If there is any fault with the run-of-the-mill sale, it is that it is viewed too shallowly: the contact, the pitch, the close, and we are done. Once the sale is closed and the customer has paid, the salesperson and company move onto the next prospect.
As detailed in another of this month’s blogs, this is where things can go wrong. If there is an issue or problem with the product or service, the prospect is going to contact the last person they had a relationship with: the salesperson. The salesperson, not having enough time to really deal with it, is going to become weighed down and not be able to fully pursue other prospects.
In short, that is what happens with the “quick sale.” That quick sale, though, instead of saving the salesperson and the company time, can cost more time through mishandling of customer issues, and lose the salesperson and the company considerable revenue because of unhappy or only mildly satisfied customers.
The missing step is the customer relationship, which is technically established following the close. It is where the crucial delivery of the sold product or service takes place. It’s also where the buying cycle begins all over again—after all, the better the fit of the product or service to the customer, the more your new client will make the decision to retain your services and become a lifelong customer.
Let’s say that again: “lifelong customer.”
How much more revenue will you and your company obtain from a lifelong customer, as opposed to that “quick sale”? If you want to build an ever-affluent company, you must establish relationships with all your clients that extend beyond the close.
From the Beginning
While the customer relationship step occurs following the close, the approach begins at the beginning of the sales process. Right up front, you want to approach your prospect as if you are going to have a lifelong relationship with them. In fact, one of the top 10 reasons salespeople can’t close deals is, “they didn’t care enough about the customer and view them as a customer for life; someone who is going to use their product or service and refer customers to them for life.”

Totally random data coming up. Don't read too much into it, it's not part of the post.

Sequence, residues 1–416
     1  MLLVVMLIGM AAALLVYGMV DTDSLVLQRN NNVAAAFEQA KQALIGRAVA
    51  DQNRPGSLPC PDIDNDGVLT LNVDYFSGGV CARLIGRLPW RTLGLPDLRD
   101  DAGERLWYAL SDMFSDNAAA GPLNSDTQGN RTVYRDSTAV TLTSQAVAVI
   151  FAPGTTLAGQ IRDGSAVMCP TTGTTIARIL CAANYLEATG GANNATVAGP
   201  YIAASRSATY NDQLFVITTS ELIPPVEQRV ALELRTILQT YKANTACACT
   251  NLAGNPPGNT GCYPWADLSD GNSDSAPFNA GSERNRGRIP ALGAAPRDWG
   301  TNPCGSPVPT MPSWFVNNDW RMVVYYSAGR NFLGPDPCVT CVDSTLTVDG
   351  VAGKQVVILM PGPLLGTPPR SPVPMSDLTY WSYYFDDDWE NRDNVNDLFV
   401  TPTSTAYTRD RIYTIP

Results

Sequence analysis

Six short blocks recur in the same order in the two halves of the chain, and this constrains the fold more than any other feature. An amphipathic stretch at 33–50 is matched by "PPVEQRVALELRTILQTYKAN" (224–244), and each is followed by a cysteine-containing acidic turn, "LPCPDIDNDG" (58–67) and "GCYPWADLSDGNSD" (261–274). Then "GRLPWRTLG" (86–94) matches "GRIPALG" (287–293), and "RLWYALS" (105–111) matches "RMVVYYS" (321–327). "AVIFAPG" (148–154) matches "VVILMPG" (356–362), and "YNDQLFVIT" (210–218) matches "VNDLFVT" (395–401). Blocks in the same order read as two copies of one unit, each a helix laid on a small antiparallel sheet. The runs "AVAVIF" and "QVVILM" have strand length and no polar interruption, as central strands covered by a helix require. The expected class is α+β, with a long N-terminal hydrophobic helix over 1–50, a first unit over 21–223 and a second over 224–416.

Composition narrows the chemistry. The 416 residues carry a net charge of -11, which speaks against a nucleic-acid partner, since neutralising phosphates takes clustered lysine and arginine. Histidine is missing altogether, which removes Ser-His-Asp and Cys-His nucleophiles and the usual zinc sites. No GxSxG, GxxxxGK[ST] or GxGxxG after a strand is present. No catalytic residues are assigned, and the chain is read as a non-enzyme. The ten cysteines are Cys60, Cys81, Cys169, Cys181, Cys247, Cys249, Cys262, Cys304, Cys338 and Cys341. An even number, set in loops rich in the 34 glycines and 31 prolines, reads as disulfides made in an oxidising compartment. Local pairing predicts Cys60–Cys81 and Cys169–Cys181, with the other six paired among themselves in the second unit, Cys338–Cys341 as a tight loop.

Yes, when you first meet that prospect, your approach should be that they will be a client for life. You do not have a lifelong relationship with a mere acquaintance—which is as far as you get with the “quick sale”—you have a lifelong relationship with a friend. Throughout the sales process, you are developing that friendship. By the time you get to ask about the prospect’s future vision, goals, and dreams, you have a nice solid relationship that is now being strengthened.
Just as with any other long-term relationship, it is one you must care for. The key points are being interested and fully understanding what the prospect says. If you do not understand something, ask more questions. Care enough to truly understand your prospect’s (friend’s) viewpoint.
When you do this right, that relationship is unbreakable. That means your competition cannot break it, nor can anything else.
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